Use local nuts and seeds to showcase the fruits that are available in the fall or that have been dried and saved from summer. Normally cinnamon and salt would be used to prepare this apple pie, but try substituting a pinch of dried local herbs for added flavour.
1/2 cup (125 mL) ground raw sunflower seeds
1/2 cup (125 mL) ground raw walnuts or hazelnuts
3/4 cup (175 mL) ground flour (whole wheat, spelt, or amaranth)
2 Tbsp (30 mL) organic butter, melted
1 1/2 Tbsp (22 mL) honey or maple syrup
4 Tbsp (60 mL) water
3 cups (750 mL) apples or pears, sliced
1/2 cup (125 mL) dried raisins, cranberries, or blueberries
1/4 cup (60 mL) apple juice or honey
2 Tbsp (30 mL) locally made fruit jam
Pinch of dried lavender, rosemary, or lemon thyme
To prepare crust, oil a 9 in (23 cm) pie plate. Preheat oven to 350 F (180 C). Mix all dry ingredients thoroughly in a medium bowl. Combine melted butter and honey or maple syrup and slowly add to dry ingredients with your hands or with a fork. Add water 1 Tbsp (15 mL) at a time and mix until moist and crumbly. Press nut mixture evenly into the bottom and sides of prepared pie plate. Bake for 5 minutes and remove immediately to cool.
To prepare filling, mix together fresh fruit, dried fruit, and juice or honey in a large saucepan over medium heat. Warm through, just until fruit begins to soften; then remove from heat. Spread jam over the base of the pie crust, top with fruit mixture, and bake for 20 to 30 minutes, until fruit is soft. Serve hot with creamy local yogourt.
source: "Local Eating", alive #300, October 2007
This vibrant soup is a soul-soothing hug in a bowl. Blue and purple fruits and vegetables contain powerful antioxidants called anthocyanins that promote health and proper brain function. Apple swap Try swapping out the apples in this recipe for pears. Just like the apples, the subtle sweetness of pears helps balance out the earthiness of the cabbage.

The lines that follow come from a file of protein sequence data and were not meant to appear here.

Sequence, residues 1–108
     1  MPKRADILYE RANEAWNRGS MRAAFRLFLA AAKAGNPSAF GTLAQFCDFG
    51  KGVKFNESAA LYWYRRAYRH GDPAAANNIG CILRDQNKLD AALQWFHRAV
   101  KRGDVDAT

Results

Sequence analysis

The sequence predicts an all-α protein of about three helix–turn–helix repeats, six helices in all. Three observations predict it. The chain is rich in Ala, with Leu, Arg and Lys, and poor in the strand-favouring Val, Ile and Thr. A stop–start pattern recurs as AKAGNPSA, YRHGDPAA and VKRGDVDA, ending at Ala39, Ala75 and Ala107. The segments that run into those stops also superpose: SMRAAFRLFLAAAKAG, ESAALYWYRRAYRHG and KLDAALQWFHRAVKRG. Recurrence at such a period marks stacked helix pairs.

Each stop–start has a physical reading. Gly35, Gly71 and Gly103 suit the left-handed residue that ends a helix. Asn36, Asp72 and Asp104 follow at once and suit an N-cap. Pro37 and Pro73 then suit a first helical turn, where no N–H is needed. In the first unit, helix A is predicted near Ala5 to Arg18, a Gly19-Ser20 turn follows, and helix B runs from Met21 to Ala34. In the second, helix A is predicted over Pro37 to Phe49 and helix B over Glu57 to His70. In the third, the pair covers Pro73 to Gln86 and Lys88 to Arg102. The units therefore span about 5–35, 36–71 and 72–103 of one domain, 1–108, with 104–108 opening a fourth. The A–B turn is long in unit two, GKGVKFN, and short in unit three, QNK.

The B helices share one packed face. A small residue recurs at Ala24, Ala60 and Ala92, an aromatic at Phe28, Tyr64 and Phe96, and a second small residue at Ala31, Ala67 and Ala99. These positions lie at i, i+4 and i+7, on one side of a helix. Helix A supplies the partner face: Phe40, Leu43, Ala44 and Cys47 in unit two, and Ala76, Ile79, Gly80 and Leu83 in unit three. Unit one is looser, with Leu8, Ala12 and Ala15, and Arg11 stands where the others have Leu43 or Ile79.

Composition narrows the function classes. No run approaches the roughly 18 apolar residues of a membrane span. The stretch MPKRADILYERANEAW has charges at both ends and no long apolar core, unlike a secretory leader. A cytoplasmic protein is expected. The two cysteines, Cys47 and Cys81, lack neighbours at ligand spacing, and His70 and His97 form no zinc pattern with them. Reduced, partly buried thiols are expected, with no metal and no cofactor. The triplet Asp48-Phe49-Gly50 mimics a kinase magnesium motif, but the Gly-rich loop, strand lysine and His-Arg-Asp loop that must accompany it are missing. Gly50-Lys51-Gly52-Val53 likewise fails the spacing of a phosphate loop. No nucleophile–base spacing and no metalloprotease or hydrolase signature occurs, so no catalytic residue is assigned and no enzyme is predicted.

Deep green fruits and vegetables are high on the list of health-promoting foods. Green foods have been shown to contain high amounts of antioxidants and nutrients that promote good cardiovascular health and can inhibit certain carcinogens. Serve this frittata alongside a leafy green salad for an unbeatable green culinary experience. Versatile leftovers Any leftover frittata makes a wonderful filling for a sandwich along with other thinly sliced vegetables you have on hand and a smear of hummus.
This creamy dip will be your go-to for dunking vegetables or for spooning over roast chicken or root vegetables as a sauce. Compounds found in fennel have been shown to stimulate the production of T-cells in our body, which, in turn, may help improve our immune response to infections. If white is right If you would like to stay on the white theme, try serving this dip with an array of white vegetables such as endive leaves, jicama sticks, daikon rounds, steamed nugget potatoes, and cauliflower florets.
The stars of this delicious curry dish are yellow and orange fruits and vegetables, which are high in a form of carotenoids called xanthophylls. These compounds have more of a yellow pigment as opposed to their orangier cousins, the carotenes. While a powerful antioxidant, xanthophylls are mostly associated with maintaining good eye health. Mix and match This curry is easily adaptable to whichever vegetables you have on hand. Experiment to find your favourite combination.